Intimidation Deters Some Sidewalk Parking Enforcement
As the SFMTA strives to hone its parking enforcement effectiveness, assaults against Parking Control Officers (PCOs) have remained not only a threat to the safety of civil servants in the line of duty, but also an obstacle to the safety of our streets which they are vitally charged with maintaining.
In response to SFMTA Board Director Cheryl Brinkman’s pressing the issue of sidewalk parking at Tuesday’s Policy and Governance Committee meeting, Deputy Director of Enforcement Joy Houlihan cited “neighborhood sensitivity” as one problem faced by PCOs when they attempt to issue tickets for violations.
In some areas like the Sunset District, according to Houlihan, the dominant attitude is: “Don’t ever enforce in my neighborhood.”
It goes without saying that the safety of PCOs should be a top priority, and the SFMTA did launch an assault prevention campaign, but it shouldn’t be an excuse for tolerating illegally stored private property that creates a public nuisance and endangers some of the city’s most vulnerable citizens.
“It is one of those violations that can be invisible to car drivers, but to pedestrians and especially to wheelchair users, it’s huge,” said Brinkman.
Houlihan said other neighborhoods like the Haight and the Castro overwhelmingly ask for enforcement. That attitude is likely more representative of neighborhoods where residents tend to walk frequently and not even own cars.
While the Sunset’s relatively high car ownership may be one factor in its stronger resistance to enforcement, the way management instructs PCOs to cite sidewalk violations also comes into question. A sign of dissonance between policy and practice within the agency arose as SFMTA CEO Nat Ford recounted the official strategy on sidewalk parking.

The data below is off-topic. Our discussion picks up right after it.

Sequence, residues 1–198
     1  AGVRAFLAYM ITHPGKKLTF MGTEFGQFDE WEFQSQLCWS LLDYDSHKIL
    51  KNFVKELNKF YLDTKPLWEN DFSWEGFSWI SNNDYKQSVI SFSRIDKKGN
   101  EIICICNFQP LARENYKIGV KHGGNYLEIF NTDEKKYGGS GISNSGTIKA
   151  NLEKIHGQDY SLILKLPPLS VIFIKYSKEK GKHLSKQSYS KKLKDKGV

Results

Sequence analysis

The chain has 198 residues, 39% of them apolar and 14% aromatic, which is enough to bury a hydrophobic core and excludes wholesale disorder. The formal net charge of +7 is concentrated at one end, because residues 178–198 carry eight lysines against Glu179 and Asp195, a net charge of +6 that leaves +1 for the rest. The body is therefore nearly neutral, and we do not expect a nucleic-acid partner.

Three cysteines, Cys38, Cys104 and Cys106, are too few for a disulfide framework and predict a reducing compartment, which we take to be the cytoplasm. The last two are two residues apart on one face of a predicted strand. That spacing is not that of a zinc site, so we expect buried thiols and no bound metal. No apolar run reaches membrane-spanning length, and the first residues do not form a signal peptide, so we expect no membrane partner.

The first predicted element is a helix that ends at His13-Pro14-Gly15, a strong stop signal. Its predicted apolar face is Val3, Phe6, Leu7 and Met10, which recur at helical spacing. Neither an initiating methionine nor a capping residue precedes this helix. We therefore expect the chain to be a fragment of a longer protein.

“As a practice, historically, we didn’t cite unless we got a call,” Ford said.
“Correct, and we still do,” Houlihan responded.
Ford then clarified the standing policy: “We changed that about a year or two ago, which is, whatever a PCO sees, we cite. That delineation was made.”
However, it seems that consistent enforcement may not be the regular practice as Houlihan described blanket stings that are often used in problem areas after local violators are given two-weeks “fair warning.” Ford sought to assure Houlihan that the policy of having PCOs cite violations as they see them was not in question, and didn’t need to be reexamined.
Along with sidewalks, blocked intersections and crosswalks remain another rampant problem posed by people driving, endangering non-motorized street users and slowing transit vehicles. Although such moving violations involving confrontation with drivers are usually left to police, PCOs share responsibility in this area.
Sustainable Streets Director Bond Yee explained that a change in the California Vehicle Code ten years ago allows blocking an intersection to be cited as a parking infraction and mailed to the driver, thereby removing the risk for PCOs. Whether or not this could be used as a viable solution for regular parking enforcement in areas where officers feel at risk was not discussed.
In her presentation, Houlihan did report higher PCO effectiveness overall due to stepped-up training efforts. Despite having furlough days and 21 fewer officers, findings from November 2010 showed a 16.5 percent improvement in citations issued for violations of residential parking permit areas, overtime parking, yellow zones, tow-away zones, and bike lanes when compared to the same period in 2009.
Although total citations issued have fallen over the last year, revenue over the past five years has apparently remained flat and Houlihan says each officer is issuing more tickets overall.
Brinkman said the SFMTA needs to plan for a budget that is less dependent on citations as fines rise and parking behavior improves, and as SFPark allows more accurate parking pricing and easier payment.
“It’s interesting because you have the PCOs who are no longer doing the street sweeping, we’ve got those PCOs redeployed. I would imagine with increased enforcement in [other] areas, we’re going to start seeing fewer violations, and that’s probably unintentionally created a cascading citation decrease,” she noted.